Unfortunately, this attitude persists in some communities, even until today. Ninety-nine percent of politicos I’ve met have welcomed me with open arms, but micro-aggressions are still somewhat common from those who aren’t used to seeing people like me in the greater political community, usually in the form of subtle hints and warnings that I need to keep my ambitions in check.


[See Andrea Zekis’ article on her experiences with exactly this.]

However, I’ve found that trans pushback is relatively easier to navigate than anxiety and mental illnesses and the unique handicaps they create in the political community.

Too many times I have sat pitifully in my car watching people arrive at a political event, waiting for a familiar face to arrive so that I have someone to talk to. Often, that entry point is all I need. On those anxious days, mingling in a room full of unfamiliar people is a feat that feels as difficult as climbing El Capitan with no ropes and no experience.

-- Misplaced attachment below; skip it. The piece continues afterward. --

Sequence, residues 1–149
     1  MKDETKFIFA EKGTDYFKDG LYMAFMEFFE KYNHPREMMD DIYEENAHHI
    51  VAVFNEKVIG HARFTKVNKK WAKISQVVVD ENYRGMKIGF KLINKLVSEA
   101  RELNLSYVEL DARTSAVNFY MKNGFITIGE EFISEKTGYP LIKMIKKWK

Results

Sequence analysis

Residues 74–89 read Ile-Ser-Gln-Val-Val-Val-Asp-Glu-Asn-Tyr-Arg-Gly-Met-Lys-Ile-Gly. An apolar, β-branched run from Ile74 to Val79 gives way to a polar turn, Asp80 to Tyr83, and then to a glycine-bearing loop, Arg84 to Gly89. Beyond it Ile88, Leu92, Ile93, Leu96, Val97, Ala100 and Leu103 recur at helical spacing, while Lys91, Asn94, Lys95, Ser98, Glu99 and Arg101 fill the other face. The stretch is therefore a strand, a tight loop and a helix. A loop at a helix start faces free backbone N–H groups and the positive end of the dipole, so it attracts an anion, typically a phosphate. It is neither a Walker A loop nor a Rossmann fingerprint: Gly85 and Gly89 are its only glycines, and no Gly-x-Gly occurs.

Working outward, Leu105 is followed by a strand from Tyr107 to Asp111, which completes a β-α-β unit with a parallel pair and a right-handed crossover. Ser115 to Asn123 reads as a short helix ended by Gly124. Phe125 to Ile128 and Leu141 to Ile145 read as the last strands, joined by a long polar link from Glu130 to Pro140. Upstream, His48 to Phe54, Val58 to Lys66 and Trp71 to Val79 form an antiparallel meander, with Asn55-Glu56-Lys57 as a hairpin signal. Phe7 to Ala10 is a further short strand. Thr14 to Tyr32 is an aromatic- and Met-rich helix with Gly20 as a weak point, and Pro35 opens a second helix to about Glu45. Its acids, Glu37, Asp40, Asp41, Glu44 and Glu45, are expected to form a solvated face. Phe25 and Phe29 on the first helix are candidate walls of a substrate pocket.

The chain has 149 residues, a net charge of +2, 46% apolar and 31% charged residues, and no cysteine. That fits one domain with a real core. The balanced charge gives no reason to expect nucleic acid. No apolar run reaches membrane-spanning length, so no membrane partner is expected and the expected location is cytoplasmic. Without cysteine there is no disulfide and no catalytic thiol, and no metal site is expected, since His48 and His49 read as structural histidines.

How am I supposed to keep up with extroverted candidates who eat three events for breakfast and still have room for lunch and a five-course dinner?

“Rockstar” is a term often used by my peers in politics, and I find myself rejecting that praise when it’s bestowed upon me. I mean, I flaked out of two gatherings this week because I didn’t have the strength to overcome my anxiety and go inside. How could I be a rockstar?

But that’s unfair. I’ve only recently learned to stop comparing my political work volume with that of my peers. Placing those expectations on myself, as many women tend to do, only leads to more frustration — especially when I require more time to recharge than most of my peers.